There was a time when the approval of a pipeline project would have been as controversial as a common rezoning application. No longer. Both Enbridge’s Northern Gateway project and TransCanada’s Keystone XL have become objects of deep and abiding suspicion, and it’s not clear whether either, much less both, will ever get approved. And while Kinder Morgan Canada’s proposed $5.4-billion expansion of its TransMountain pipeline is hardly in the bag, the fact that it’s gotten as far as it has is largely a testament to Ian Anderson’s approach to consultation and consensus building. Where the most urgent objections to both Keystone XL and Northern Gateway are coming from individuals and communities directly affected by their proposed paths, those along and astride the TransMountain line are largely satisfied with its details.
Dave Collyer, the president of CAPP, says that’s a direct reflection of the work Anderson has done. “The thing that stands out to me about Ian is the amount of personal effort and commitment that he’s put into being on the ground,” he says. “He really does walk the talk with respect to consultation, both with First Nations and communities. A lot of executives talk about consultation. Not all are good at doing it.” And make no mistake: Anderson is the one in there consulting, for better and for worse. “It’s demonstrative of Ian’s commitment,” Collyer says, “but it’s also demonstrative of his personal style and approachability and willingness to engage – and go into some spots where you know not everybody’s going to be on your side or aligned with what you want to accomplish.”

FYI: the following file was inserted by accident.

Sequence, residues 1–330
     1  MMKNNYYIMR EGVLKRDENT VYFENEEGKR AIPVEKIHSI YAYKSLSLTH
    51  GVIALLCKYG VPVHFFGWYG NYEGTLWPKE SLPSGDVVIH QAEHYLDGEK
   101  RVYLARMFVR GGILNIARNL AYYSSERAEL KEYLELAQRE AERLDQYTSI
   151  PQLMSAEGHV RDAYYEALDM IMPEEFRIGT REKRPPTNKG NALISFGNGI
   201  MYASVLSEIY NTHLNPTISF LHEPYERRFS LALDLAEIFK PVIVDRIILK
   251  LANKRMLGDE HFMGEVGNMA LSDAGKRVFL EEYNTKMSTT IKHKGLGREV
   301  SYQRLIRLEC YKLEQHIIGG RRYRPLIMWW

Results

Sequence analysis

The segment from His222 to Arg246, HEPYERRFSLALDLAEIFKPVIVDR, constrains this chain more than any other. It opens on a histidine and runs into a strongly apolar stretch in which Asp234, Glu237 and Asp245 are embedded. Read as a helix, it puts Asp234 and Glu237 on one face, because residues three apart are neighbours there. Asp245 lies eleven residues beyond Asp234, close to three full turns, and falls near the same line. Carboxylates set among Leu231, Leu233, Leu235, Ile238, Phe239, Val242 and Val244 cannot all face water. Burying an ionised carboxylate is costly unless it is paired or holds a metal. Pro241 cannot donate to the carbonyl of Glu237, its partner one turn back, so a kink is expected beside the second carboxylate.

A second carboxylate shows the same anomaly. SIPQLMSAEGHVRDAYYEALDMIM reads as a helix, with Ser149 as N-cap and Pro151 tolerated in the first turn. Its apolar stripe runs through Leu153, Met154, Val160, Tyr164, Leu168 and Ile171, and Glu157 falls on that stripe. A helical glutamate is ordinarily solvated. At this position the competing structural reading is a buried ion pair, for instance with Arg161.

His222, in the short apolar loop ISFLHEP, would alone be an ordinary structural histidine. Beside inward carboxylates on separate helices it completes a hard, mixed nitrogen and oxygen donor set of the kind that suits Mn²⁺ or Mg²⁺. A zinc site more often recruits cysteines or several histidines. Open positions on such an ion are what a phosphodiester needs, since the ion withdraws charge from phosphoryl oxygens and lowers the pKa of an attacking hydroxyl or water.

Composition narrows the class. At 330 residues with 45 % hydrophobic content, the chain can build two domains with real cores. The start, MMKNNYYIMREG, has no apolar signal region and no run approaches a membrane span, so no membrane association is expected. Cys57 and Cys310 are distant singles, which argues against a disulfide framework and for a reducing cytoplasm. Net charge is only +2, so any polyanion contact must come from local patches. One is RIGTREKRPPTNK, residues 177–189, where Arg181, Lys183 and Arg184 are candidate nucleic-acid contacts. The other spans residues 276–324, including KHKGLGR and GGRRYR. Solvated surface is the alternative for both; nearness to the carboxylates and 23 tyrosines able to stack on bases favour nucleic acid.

For Anderson, that’s meant spending 20 to 30 per cent of his time engaging directly with people who might be personally affected by the project, including the 103 aboriginal communities along the proposed route. That stands out from other pipeline proponents, which have leaned more heavily on media and advertising campaigns. “Part of the lesson is that you can’t build social licence through an air campaign alone – and you can’t build it through the media or through bought-advertising,” Collyer says. “The senior people need to be out there. People want to talk to decision-makers. They want to talk to people who they know can influence outcomes. And I think Ian has a willingness to do that.”